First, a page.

In addition, the locals would take a bannock bread with a hidden coin and divide it in smaller chunks so that everyone present would get a piece. The person who finds the coin in his or her bread, will be named as the best man (or woman) of Kolede’s Eve for the year. That person would also be the one to ignite the bonfire, as well as make all the necessary preparations for the Kolede’s Eve during the next year. Macedonians perform this custom on the Old New Year’s Eve as well, though with a much smaller group of people.
Once the locals go home, they would start baking the so-called Kolede cookies. They would then give them out to children who’d come in that night or during the next morning to sing Kolede songs in front of their doors, along with some nuts, chocolates, candies and coins.
6. As part of the traditional Christmas dinner, Macedonians serve bannock bread with a hidden coin!
Christmas is actually automatically associated with the bannock bread and the hidden coin in Macedonia. In fact, it’s a very old and interesting tradition. On the Christmas Eve, Macedonians would take a loaf of bannock bread and hid a coin inside it. Then split it into as many pieces as there are members of the family, plus leave one for God. The one who finds the coin will be the luckiest person in the family during the next year. In case if the coin is hidden in God’s piece – it would mean that He will give the entire family a year filled with happiness, health and prosperity.
Afterwards, Macedonians would drop the coin into a glass of red wine (which is a symbol of Jesus’s blood). And then each member would take a sip for happiness, health and prosperity of the whole family.
Another similar custom would be to take one of the walnuts served on the Christmas table and crack it open. If it’s nice and fresh on the inside – it’s believed that the upcoming year will be a good one. On the other hand, if there’s a worm inside, then the next year will not be as nice…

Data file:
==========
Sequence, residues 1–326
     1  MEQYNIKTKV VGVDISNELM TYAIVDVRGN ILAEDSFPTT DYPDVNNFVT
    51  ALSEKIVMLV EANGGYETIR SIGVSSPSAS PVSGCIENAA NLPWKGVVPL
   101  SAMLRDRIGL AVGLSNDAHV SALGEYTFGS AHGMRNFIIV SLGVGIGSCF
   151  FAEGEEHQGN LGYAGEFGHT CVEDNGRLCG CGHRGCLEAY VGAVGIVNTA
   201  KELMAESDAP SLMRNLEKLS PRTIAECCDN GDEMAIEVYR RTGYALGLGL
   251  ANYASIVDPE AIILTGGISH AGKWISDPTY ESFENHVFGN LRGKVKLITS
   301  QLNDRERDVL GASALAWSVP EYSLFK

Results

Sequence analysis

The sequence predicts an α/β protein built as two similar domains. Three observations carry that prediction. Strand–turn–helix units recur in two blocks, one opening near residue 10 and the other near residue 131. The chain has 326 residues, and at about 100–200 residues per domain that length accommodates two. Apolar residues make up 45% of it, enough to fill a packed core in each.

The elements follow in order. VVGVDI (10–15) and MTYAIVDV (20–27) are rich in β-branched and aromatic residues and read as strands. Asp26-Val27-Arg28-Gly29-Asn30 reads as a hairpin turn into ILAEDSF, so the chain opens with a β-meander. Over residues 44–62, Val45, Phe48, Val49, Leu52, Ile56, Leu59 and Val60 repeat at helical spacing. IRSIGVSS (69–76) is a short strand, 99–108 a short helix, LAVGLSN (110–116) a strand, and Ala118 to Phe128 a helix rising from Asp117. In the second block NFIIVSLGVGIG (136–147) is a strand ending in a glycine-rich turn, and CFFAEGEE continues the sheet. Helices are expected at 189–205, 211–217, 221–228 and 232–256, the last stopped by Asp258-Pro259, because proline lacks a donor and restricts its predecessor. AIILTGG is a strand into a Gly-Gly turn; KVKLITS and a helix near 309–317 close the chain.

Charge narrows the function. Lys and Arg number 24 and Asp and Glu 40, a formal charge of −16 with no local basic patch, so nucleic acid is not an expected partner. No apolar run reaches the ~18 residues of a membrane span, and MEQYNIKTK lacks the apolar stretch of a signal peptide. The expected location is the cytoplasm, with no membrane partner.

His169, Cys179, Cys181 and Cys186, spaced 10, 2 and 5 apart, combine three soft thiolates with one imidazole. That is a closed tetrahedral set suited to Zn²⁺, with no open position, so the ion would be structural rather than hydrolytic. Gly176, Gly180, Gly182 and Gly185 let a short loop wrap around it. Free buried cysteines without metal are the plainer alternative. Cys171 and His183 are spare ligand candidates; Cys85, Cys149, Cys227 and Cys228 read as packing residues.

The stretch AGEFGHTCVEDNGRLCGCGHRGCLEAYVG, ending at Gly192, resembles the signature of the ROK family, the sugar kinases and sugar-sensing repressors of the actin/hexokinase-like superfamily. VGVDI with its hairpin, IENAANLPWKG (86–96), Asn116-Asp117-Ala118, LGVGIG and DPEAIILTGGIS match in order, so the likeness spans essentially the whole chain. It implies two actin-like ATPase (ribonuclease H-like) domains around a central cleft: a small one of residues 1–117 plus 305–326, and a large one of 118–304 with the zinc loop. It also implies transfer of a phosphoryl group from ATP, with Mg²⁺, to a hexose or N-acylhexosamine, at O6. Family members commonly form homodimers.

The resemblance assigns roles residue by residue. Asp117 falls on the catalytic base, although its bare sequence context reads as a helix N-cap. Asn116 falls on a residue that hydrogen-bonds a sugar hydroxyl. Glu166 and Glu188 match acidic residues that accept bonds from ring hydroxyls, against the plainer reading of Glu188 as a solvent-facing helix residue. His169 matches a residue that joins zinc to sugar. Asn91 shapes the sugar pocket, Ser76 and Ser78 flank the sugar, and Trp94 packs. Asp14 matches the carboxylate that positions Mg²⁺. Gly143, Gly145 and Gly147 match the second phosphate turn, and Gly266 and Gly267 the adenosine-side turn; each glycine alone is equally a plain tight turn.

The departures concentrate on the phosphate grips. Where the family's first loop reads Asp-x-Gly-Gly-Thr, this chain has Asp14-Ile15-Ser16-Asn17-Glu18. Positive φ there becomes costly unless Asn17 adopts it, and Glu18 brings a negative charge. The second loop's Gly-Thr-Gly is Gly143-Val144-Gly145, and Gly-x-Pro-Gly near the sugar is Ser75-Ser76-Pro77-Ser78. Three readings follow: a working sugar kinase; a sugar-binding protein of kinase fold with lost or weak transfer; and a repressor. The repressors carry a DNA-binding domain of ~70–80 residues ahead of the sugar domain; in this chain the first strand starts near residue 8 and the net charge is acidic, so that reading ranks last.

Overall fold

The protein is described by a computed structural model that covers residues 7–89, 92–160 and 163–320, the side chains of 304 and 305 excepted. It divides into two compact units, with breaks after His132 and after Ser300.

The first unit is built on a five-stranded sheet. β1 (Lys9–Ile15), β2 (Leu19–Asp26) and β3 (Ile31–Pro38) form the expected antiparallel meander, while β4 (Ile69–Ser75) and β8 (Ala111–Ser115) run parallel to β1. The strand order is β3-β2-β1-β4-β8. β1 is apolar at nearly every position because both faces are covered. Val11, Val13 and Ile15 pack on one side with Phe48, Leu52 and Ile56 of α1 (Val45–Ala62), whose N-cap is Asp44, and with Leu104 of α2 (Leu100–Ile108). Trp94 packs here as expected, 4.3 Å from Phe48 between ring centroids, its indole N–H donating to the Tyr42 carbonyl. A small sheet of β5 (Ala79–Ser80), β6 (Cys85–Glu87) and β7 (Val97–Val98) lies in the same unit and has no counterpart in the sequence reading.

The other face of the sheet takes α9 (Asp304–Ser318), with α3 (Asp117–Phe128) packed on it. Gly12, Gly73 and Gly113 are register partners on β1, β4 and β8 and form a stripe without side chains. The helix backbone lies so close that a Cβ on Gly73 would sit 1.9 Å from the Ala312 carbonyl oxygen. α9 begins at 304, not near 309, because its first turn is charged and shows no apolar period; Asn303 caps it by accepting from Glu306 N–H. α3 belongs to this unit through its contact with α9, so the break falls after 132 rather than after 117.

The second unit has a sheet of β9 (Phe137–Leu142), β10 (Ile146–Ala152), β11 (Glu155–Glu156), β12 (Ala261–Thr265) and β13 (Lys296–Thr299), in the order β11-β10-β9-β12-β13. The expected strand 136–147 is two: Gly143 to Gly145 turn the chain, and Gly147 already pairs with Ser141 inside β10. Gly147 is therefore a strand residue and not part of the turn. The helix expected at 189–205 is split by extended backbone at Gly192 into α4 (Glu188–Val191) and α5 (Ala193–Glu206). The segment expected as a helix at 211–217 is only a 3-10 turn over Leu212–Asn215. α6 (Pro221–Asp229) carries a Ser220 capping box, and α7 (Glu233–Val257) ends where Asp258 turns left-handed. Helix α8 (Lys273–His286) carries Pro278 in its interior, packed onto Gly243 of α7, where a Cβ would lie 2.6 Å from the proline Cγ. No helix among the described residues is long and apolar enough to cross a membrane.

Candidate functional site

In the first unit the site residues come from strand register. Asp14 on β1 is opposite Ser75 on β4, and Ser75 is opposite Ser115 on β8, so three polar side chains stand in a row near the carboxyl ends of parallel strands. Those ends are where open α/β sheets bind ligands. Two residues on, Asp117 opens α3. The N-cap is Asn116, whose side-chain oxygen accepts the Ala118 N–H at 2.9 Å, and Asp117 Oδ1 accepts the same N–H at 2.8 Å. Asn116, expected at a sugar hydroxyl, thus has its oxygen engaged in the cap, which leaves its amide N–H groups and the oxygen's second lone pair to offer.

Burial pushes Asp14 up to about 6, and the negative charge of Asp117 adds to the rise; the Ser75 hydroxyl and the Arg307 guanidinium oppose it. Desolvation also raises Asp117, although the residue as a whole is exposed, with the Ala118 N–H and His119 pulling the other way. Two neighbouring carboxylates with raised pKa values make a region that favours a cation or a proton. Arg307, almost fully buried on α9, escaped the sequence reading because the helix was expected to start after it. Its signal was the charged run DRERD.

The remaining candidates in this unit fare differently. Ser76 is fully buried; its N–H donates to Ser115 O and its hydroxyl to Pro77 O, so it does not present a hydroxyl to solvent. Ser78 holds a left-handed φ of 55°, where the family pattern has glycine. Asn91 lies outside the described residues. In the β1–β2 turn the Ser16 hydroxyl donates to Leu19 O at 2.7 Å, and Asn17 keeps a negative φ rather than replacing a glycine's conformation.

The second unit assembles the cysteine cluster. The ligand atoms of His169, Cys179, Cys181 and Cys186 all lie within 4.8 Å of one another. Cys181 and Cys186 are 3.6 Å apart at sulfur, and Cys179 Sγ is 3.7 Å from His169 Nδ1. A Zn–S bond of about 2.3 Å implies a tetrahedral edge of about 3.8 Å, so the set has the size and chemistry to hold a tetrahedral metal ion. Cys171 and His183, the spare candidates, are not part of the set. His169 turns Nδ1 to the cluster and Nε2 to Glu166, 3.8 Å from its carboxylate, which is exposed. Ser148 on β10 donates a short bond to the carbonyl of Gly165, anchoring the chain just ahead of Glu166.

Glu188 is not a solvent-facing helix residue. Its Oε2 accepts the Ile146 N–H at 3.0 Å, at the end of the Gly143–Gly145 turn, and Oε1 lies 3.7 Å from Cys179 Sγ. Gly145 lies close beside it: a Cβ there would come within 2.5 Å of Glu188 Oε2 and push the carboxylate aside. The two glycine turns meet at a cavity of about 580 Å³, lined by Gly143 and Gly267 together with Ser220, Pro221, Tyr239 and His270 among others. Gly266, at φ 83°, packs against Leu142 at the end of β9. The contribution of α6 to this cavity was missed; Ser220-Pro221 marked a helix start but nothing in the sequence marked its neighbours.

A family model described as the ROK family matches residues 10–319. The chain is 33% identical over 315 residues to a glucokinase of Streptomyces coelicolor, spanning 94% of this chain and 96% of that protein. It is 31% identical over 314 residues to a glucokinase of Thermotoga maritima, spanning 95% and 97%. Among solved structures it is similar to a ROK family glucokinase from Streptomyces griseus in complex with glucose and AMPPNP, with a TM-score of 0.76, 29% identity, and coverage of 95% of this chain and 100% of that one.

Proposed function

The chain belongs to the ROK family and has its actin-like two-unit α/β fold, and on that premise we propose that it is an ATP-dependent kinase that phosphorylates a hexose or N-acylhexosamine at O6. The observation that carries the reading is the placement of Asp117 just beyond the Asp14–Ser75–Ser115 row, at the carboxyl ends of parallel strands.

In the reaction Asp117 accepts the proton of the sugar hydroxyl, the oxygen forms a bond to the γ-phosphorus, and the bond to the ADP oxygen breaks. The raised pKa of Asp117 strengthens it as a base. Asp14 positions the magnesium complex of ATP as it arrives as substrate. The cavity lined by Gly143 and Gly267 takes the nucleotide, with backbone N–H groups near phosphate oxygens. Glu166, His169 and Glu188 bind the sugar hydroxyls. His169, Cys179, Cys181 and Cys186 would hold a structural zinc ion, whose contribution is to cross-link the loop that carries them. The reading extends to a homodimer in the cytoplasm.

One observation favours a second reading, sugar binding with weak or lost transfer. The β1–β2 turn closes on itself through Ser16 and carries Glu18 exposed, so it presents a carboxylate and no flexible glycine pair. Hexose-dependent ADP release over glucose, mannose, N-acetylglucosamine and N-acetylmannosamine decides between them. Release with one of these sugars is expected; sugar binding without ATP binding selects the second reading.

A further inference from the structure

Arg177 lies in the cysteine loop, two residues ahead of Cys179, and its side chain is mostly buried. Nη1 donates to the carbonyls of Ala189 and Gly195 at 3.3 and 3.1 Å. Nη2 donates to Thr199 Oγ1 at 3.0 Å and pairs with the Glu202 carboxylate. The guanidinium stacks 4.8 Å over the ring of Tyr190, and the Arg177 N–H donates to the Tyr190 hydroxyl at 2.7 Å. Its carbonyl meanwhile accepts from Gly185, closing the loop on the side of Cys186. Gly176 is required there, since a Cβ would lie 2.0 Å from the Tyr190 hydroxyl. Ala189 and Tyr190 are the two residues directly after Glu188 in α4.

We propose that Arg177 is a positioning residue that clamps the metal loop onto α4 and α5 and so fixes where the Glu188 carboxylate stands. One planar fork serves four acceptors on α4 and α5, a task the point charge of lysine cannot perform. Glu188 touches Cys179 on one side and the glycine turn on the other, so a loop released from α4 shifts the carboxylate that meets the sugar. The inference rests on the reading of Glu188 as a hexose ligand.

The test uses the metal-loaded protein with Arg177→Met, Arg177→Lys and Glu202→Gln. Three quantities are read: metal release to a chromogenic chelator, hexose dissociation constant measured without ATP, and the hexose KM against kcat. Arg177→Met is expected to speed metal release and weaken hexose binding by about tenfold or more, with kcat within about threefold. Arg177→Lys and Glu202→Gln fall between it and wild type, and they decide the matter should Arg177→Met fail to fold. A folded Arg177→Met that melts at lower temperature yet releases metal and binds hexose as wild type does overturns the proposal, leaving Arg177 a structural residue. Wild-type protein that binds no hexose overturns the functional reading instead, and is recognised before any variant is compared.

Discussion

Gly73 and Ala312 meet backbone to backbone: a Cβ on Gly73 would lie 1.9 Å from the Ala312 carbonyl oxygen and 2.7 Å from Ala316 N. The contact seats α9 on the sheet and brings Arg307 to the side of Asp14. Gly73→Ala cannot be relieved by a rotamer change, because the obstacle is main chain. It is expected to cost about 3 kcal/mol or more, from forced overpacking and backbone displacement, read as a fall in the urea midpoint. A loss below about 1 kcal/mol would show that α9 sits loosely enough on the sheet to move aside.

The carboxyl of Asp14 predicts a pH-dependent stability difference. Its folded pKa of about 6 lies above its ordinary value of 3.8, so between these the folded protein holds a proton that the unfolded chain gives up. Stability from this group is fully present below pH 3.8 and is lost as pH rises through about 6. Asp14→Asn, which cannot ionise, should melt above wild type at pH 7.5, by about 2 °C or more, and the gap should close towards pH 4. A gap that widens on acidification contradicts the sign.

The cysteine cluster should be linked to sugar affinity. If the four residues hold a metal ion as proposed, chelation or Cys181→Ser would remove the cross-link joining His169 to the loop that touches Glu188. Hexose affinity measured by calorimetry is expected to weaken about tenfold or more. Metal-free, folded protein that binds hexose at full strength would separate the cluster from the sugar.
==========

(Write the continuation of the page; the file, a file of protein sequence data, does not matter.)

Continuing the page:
7. Macedonians believe that God comes to taste the family dinner during the Christmas night!
Many Macedonians would leave some leftovers from the traditional Christmas dinner on their dining table until the next morning. They actually believe that God will come to have a bite on the Christmas night! Right before we sit down for dinner – we’d turn off all the lights, leaving only a candle at the table. We would then invite God to come and dine with us, with the following words: “God please come to dine with us”, repeating that sentence 3 times.
8. Fish is the Macedonian “Turkey”!
The traditional Christmas dinner in Macedonia consists of mostly the fasting food. Hence instead of turkey we would usually serve fried or roasted fish. Moreover, numerous Macedonians also hold a fast for 40 days – from November 28th until the Christmas day!
Here’s what you will surely find on our traditional Christmas table: fish, the bannock bread, a pie with leek, some boiled beans, cabbage rolls (known as “sarma”), boiled pumpkin, boiled potatoes, a vegetable salad, different types of nuts, as well as different types of dried and fresh fruits, red wine, soda or juice.
9. Oak branch is the Macedonian “mistletoe”!
The Oak branch, often referred to as the “Christmas branch” by our locals, is the Macedonian version of mistletoe. This tradition is believed to have been born in the 4th century. Since then it’s considered to be the symbol of health, happiness and prosperity. It’s also believed that Joseph used oak wood to start a bonfire to warm up the newborn Jesus and his Mother Mary.
In addition, oak is considered to be an eternal tree, since it can reach a very old age. That’s why numerous Macedonians would place an oak branch on their Christmas table. Some would also put it all around the house, as part of the Christmas decorations. Many also believe that the oak’s features (long life and strong endurance) can transfer to the people who live in the house.
10. Macedonians believe that everyone should be in their own home for Christmas
In Macedonia, there’s a traditional saying: “No matter where you are, you should always be at home on Christmas”. And that’s what it’s like in Macedonia. Unlike in some other countries, where people would go on trips for Christmas or even spend it in someone else’s home – in Macedonia we prefer to be at home, with our closest family members on the Christmas Eve. The big celebration, including trips, clubs and visits of other people’s homes are saved for the New Year’s Eve!